My daughter helped me to make this. We started on Thursday afternoon and today we finished, on Saturday. This three day process obviously needs lots of patience! Also Thursday and Friday were high humidity days due to lots of rain. I feared starting it, so I did lots of research. It seems as though the key would be to give the candy longer time to dry out. At one forum, as one commenter mentioned, this is not fudge which is carefully kept under wraps to preserve moisture. Instead Turkish Delight is a confection that needs to dry out. If it's too humid, more time to dry out should fix the problem. Actually it was no problem for us even though I wasn't sure what to expect. I carefully read and reread the recipe that is linked above and below. I followed each step. Then in rereading the articles I had saved, all the pictures I see and descriptions I read are exactly like our Turkish Delight!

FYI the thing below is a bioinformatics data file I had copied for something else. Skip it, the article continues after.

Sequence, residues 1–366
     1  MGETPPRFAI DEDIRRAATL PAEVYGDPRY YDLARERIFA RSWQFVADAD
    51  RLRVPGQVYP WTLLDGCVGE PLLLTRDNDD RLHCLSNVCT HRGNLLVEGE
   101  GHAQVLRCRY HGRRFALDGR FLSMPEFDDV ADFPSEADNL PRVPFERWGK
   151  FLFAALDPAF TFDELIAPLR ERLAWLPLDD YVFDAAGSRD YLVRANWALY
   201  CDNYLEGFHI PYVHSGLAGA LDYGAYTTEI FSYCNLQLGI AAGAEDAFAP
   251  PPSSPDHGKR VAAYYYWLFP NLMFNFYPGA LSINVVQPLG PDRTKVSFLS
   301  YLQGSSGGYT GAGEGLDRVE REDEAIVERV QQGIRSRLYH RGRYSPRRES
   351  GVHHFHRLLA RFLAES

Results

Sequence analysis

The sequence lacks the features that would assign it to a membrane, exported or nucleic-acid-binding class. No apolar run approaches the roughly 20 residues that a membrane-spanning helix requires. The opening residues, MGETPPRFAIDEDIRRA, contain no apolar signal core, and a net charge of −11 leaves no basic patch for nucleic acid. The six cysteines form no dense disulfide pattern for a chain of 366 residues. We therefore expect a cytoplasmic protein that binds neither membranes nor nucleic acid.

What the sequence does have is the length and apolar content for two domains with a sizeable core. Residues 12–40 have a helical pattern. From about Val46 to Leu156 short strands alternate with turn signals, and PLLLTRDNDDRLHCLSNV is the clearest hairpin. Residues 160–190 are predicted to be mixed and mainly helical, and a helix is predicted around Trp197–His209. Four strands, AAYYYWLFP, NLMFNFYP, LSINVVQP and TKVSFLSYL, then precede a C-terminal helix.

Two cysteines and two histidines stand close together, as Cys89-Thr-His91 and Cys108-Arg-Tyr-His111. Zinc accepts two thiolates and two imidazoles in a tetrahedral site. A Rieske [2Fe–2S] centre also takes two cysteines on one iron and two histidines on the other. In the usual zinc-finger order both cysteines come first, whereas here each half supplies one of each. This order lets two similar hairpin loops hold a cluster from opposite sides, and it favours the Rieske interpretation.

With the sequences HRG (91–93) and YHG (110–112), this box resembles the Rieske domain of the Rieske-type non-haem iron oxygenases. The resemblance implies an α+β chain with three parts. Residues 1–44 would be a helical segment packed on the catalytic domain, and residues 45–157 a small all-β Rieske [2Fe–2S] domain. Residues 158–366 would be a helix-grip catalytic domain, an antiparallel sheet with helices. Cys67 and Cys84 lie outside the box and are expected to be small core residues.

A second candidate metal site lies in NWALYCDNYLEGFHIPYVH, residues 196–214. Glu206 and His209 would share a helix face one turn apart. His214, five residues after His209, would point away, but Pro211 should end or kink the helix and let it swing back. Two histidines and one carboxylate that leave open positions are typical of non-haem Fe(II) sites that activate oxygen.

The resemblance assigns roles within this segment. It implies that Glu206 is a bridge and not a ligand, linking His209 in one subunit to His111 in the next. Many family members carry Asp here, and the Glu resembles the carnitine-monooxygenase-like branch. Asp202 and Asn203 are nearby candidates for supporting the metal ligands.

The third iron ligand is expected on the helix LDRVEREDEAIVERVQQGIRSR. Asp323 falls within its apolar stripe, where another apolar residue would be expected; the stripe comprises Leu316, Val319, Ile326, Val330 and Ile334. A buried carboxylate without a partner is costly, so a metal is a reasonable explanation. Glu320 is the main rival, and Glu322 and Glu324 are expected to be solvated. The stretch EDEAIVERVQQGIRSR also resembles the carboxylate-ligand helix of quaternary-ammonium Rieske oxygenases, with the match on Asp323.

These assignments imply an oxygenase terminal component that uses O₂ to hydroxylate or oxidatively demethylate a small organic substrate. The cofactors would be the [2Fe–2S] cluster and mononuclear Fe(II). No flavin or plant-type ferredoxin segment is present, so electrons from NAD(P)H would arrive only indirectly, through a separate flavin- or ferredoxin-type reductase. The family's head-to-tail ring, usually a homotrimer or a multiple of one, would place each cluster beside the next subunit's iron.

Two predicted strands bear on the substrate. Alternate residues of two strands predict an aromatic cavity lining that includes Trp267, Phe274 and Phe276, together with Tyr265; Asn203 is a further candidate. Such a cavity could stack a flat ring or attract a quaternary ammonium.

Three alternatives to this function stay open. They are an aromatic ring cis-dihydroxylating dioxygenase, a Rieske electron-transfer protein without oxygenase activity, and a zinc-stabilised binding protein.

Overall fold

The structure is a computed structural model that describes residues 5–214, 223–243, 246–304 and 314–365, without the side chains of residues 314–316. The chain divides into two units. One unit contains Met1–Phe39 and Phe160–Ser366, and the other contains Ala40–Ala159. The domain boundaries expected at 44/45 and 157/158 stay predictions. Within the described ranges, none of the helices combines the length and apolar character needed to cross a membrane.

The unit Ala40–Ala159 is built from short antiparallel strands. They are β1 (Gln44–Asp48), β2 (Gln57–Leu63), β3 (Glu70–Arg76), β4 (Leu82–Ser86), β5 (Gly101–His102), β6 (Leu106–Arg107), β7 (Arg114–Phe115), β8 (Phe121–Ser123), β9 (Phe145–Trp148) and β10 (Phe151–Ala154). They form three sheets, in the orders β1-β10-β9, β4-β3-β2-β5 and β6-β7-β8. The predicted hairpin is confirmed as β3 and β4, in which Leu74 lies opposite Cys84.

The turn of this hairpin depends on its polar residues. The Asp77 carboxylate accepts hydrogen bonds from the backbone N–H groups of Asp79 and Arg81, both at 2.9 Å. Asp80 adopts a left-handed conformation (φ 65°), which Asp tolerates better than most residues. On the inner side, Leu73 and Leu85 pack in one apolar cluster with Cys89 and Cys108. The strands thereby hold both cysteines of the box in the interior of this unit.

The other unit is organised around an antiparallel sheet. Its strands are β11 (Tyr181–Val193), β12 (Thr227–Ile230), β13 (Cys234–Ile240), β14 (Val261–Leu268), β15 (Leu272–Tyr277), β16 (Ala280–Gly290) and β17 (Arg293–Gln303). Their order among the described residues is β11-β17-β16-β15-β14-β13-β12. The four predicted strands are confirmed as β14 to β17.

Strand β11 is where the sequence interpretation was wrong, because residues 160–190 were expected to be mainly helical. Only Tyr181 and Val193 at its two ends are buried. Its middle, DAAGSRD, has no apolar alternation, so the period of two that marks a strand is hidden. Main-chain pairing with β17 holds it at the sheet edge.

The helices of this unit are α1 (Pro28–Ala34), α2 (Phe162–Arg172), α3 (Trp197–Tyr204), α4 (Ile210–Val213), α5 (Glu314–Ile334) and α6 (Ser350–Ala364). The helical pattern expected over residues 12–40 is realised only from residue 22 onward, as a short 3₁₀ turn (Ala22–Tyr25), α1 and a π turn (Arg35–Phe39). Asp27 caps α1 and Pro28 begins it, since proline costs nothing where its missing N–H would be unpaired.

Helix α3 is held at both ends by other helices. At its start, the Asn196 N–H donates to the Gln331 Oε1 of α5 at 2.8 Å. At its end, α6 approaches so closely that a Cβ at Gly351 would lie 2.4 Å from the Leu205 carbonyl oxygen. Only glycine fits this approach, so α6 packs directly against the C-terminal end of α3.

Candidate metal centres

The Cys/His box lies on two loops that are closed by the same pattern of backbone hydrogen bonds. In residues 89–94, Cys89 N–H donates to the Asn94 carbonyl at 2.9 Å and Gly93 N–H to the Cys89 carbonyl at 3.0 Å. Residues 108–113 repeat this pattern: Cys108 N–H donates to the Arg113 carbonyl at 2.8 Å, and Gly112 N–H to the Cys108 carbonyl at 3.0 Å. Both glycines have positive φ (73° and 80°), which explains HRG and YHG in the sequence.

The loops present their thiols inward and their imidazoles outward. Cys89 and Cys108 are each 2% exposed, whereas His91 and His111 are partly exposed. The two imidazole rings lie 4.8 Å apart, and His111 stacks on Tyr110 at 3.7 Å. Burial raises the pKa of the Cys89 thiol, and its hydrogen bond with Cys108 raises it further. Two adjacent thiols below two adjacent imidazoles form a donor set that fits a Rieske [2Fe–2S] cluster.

Here is the first stage, where the sugar water mixture needed to come to soft boil stage. I figured out my candy thermometer was not correctly calibrated,even when I thought I adjusted according to a boiling water test.


Instead we used the old fashioned ice water method. Can you see the soft ball stage candy at the 9:00 section of the ice water?


I picked it up and put it in my daughter's hand. This was definitely soft ball stage. It did not pick up in a perfect ball but it definitely and easily formed a ball when I laid it in her hand.


This was our cornstarch/water/cream of tarter mixture. It was so stiff the wooden spoon could stand straight up.


We had to switch to larger pots, but I stirred the syrup mixture into the cornstarch mixture.